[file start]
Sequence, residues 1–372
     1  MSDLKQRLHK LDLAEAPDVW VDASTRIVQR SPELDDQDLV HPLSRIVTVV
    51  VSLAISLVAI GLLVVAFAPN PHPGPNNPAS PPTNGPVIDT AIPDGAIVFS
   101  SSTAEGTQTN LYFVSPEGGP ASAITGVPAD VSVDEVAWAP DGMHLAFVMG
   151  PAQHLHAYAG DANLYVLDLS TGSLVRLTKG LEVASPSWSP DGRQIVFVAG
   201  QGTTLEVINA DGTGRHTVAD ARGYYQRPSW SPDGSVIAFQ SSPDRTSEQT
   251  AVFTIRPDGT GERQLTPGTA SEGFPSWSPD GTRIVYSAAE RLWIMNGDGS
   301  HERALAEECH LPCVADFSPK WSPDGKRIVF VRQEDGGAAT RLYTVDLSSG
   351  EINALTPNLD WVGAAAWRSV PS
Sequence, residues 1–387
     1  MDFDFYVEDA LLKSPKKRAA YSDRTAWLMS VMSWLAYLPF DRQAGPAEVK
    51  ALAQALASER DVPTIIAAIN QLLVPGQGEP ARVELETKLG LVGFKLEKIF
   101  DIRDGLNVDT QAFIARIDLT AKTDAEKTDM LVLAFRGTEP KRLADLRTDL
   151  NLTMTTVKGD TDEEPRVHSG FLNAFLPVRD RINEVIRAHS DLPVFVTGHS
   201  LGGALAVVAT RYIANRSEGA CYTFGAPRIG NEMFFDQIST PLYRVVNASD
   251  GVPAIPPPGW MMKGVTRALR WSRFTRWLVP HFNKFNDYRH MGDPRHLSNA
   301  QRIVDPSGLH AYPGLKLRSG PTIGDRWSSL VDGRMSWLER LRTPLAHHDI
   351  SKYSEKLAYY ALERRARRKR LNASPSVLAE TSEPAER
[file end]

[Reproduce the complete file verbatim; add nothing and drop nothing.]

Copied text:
Sequence, residues 1–372
     1  MSDLKQRLHK LDLAEAPDVW VDASTRIVQR SPELDDQDLV HPLSRIVTVV
    51  VSLAISLVAI GLLVVAFAPN PHPGPNNPAS PPTNGPVIDT AIPDGAIVFS
   101  SSTAEGTQTN LYFVSPEGGP ASAITGVPAD VSVDEVAWAP DGMHLAFVMG
   151  PAQHLHAYAG DANLYVLDLS TGSLVRLTKG LEVASPSWSP DGRQIVFVAG
   201  QGTTLEVINA DGTGRHTVAD ARGYYQRPSW SPDGSVIAFQ SSPDRTSEQT
   251  AVFTIRPDGT GERQLTPGTA SEGFPSWSPD GTRIVYSAAE RLWIMNGDGS
   301  HERALAEECH LPCVADFSPK WSPDGKRIVF VRQEDGGAAT RLYTVDLSSG
   351  EINALTPNLD WVGAAAWRSV PS
Sequence, residues 1–387
     1  MDFDFYVEDA LLKSPKKRAA YSDRTAWLMS VMSWLAYLPF DRQAGPAEVK
    51  ALAQALASER DVPTIIAAIN QLLVPGQGEP ARVELETKLG LVGFKLEKIF
   101  DIRDGLNVDT QAFIARIDLT AKTDAEKTDM LVLAFRGTEP KRLADLRTDL
   151  NLTMTTVKGD TDEEPRVHSG FLNAFLPVRD RINEVIRAHS DLPVFVTGHS
   201  LGGALAVVAT RYIANRSEGA CYTFGAPRIG NEMFFDQIST PLYRVVNASD
   251  GVPAIPPPGW MMKGVTRALR WSRFTRWLVP HFNKFNDYRH MGDPRHLSNA
   301  QRIVDPSGLH AYPGLKLRSG PTIGDRWSSL VDGRMSWLER LRTPLAHHDI
   351  SKYSEKLAYY ALERRARRKR LNASPSVLAE TSEPAER